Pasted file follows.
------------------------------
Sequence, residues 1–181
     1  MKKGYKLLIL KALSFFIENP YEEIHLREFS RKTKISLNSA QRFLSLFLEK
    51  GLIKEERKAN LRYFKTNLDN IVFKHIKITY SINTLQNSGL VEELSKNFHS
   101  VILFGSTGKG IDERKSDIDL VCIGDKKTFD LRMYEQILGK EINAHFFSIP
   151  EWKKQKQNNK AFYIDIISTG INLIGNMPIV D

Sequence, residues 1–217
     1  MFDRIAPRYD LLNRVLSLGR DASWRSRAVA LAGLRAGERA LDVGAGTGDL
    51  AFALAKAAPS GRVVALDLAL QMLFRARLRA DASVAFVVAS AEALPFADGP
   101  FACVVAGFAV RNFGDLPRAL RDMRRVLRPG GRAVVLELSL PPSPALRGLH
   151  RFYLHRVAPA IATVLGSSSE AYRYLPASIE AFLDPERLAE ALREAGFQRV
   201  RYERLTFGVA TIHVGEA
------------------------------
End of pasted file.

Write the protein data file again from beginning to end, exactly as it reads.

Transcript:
Sequence, residues 1–181
     1  MKKGYKLLIL KALSFFIENP YEEIHLREFS RKTKISLNSA QRFLSLFLEK
    51  GLIKEERKAN LRYFKTNLDN IVFKHIKITY SINTLQNSGL VEELSKNFHS
   101  VILFGSTGKG IDERKSDIDL VCIGDKKTFD LRMYEQILGK EINAHFFSIP
   151  EWKKQKQNNK AFYIDIISTG INLIGNMPIV D

Sequence, residues 1–217
     1  MFDRIAPRYD LLNRVLSLGR DASWRSRAVA LAGLRAGERA LDVGAGTGDL
    51  AFALAKAAPS GRVVALDLAL QMLFRARLRA DASVAFVVAS AEALPFADGP
   101  FACVVAGFAV RNFGDLPRAL RDMRRVLRPG GRAVVLELSL PPSPALRGLH
   151  RFYLHRVAPA IATVLGSSSE AYRYLPASIE AFLDPERLAE ALREAGFQRV
   201  RYERLTFGVA TIHVGEA